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BREAKING NEWS
Source: COVID-19 Mutation  Aug 05, 2020  2 months ago
BREAKING NEWS! COVID-19 Mutation: Swedish And Brazilian Researchers Detect SARS-CoV-2 Strain With Novel Major Mutation Of Spike Protein
BREAKING NEWS! COVID-19 Mutation: Swedish And Brazilian Researchers Detect SARS-CoV-2 Strain With Novel Major Mutation Of Spike Protein
Source: COVID-19 Mutation  Aug 05, 2020  2 months ago
COVID-19 Mutation: Genomic researchers from Karolinska Institutet-Sweden and the Federal University of Santa Catarina-Brazil have identified a novel mutation in a strain of severe acute respiratory syndrome coronavirus 2 (SARS-CoV-2) obtained from a patient in Stockholm, Sweden, in late April.


 
The research findings are published on a preprint server and are currently undergoing peer review. https://www.biorxiv.org/content/10.1101/2020.08.03.233866v1
 
Dr Tatiany Soratto, a Professor from the department of Cell and Molecular Biology -Karolinska Institutet says it is possible the unknown mutation could affect the ability of the virus to bind to host cells or even affect disease severity and progression.
 
The novel mutation is located at the surface of the S1 subunit of the SARS-CoV-2 spike protein, the main surface structure the virus uses to gain entry to host cells. The S1 subunit contains the binding domain for the host cell membrane receptor angiotensin-converting enzyme 2 (ACE2).
 
The research also found that of four near-complete genomes assembled from infected patients, three belonged to one of the genetic groups that the Public Health Agency of Sweden had previously reported as having declined in prevalence by late April.
 
The study team warns that further investigation is needed to ensure that the spread of different SARS-CoV-2 strains is properly characterized.
 
It was reported that on 26th April, Dr Soratto and the team collected and tested nasopharyngeal swabs from 23 patients with suspected COVID-19 at the Karolinska University Hospital in Stockholm, Sweden.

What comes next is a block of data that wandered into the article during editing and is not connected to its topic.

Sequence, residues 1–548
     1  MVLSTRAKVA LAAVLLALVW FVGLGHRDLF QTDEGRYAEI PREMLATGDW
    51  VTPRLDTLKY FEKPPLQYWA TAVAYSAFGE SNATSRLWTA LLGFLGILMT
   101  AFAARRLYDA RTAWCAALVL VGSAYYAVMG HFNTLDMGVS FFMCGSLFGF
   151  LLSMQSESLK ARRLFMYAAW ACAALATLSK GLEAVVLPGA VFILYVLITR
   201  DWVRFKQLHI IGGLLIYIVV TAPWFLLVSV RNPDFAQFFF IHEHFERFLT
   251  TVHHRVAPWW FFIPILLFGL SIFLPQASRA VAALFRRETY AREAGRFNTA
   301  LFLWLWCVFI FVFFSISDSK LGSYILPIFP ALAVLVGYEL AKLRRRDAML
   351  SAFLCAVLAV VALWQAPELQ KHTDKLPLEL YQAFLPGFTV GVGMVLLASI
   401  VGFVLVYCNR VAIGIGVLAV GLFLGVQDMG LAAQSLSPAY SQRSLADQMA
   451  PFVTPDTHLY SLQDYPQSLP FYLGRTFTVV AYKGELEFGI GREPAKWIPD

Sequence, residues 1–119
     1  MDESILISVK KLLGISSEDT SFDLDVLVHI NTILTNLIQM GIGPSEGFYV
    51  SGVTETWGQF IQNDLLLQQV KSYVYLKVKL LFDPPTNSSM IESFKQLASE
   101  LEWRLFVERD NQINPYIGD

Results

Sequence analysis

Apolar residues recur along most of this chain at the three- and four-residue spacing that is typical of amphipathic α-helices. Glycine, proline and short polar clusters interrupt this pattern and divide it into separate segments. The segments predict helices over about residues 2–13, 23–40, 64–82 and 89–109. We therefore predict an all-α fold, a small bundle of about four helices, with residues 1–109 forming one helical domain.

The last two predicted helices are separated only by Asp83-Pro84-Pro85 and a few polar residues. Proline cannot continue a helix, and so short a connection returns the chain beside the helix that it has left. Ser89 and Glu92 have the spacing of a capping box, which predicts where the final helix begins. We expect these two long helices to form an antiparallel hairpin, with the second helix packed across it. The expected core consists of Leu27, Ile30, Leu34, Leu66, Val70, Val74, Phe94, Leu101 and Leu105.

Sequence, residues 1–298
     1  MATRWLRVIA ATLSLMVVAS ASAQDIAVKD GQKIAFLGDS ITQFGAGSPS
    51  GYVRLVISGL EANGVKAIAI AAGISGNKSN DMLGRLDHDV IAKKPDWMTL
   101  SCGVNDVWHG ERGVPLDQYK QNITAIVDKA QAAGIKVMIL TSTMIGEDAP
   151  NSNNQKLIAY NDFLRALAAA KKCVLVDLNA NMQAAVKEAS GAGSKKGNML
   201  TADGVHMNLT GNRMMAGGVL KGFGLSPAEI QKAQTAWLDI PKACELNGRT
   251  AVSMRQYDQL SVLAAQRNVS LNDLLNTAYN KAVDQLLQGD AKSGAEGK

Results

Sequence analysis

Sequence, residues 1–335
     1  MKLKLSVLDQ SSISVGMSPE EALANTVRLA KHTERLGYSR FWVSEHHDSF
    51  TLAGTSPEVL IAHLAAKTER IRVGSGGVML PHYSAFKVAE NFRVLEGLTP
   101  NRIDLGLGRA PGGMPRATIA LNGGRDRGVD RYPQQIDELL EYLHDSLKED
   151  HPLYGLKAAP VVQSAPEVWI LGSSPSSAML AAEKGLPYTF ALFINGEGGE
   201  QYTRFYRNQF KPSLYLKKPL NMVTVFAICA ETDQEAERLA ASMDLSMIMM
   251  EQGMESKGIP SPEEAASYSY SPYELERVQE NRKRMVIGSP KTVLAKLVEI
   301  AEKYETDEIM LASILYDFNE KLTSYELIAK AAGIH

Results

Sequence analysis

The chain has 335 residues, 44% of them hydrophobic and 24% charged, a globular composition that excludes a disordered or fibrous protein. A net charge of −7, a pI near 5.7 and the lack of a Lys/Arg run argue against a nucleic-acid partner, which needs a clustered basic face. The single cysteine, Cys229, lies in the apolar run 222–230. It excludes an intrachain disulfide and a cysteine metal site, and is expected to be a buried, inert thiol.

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Of these patients, seventeen were confirmed as positive for SARS-CoV-2 by reverse transcriptase-polymerase chain reaction (RT-PCR) testing. After extracting viral RNA and synthesizing complementary DNA, libraries with 350-base pair (bp) fragments were generated and prepared for shotgun sequencing.
 
Upon removing low-quality sequencers and adapters and the human genome reference, the researchers mapped the remaining reads to the complete genome of SARS-CoV-2 Whuan-Hu-1, as accessed in GenBank.
 
When mapping was completed, the Genome Detective Virus Tool was used to assemble the reads with the GenBank SARS-CoV-2 genome used as a reference, and single nucleotide variants were assigned to each genome.
 
The study team were able to assemble four near-complete genomes that covered 99.7 to 99.8% of the GenBank reference genome and all of the coding region.
 
When compared with the reference genome, the four assembled genomes each had between 9 and 14 nucleotide variants.
 
The study team reports that all four genomes had mutations in the noncoding position 241 C (cytosine) t o T (thymine) and three mutations in coding regions, which were two C to T at 3037bp and 14408bp, and one A (adenine) to G (guanine) at 23403bp.
 
However, in one of the genomes, a variant was found at 23463bp that was not found in any other GenBank SARS-CoV-2 genome. The mutation changes an arginine residue to a histidine residue at position 364 in the S1 subunit of the viral spike protein.
 
The genomic researchers say this variant in the spike protein could have destabilizing effects.
 
Dr Soratto told Thailand Medical News, “The variant is located at the surface of the S1 subunit, and could possibly affect the attachment of the virion to the cell, even though it does not change the receptor-binding domain itself.”
 
Upon comparing the four SARS-CoV-2 genomes obtained from patients in Stockholm with those detected globally, the researchers found that they belonged to the genetic strains 20C/B.1/G and 20B/B.1.1/GR.
 
The Swedish Public Health Agency had previously reported these genetic groups as two of the three main strains found in Sweden.
 
But, three of the genomes are from group B.1/G, which was also reported by the Public Health Agency of Sweden to have declined in prevalence by late April, say Dr Soratto and team.
 
He added, “This lineage has spread to more than 20 countries in Europe, the Americas, Asia, and Australia and corresponds to the Italian outbreak.”
 
The researchers warned, “More investigation is needed in order to ensure that the spread of different types of SARS-CoV-2 is fully characterized.”
 
The study team along with other global researchers is now studying the mutated strain and tracing other lineages or strains or cases linked to it while also studying its binding capabilities and implications in disease progression as well as in antibody, vaccine and drug research.
 
It should be noted that the virus undergoes numerous minor mutations as they spread from one host to another as such there are hundreds of various strains. However, when a significant change is noted on its RNA, the mutation is considered major and warrants further studies.
 
Thailand Medical News will be reporting on developments of this research.
 
For more about COVID-19 Mutation, keep on logging to Thailand Medical News.

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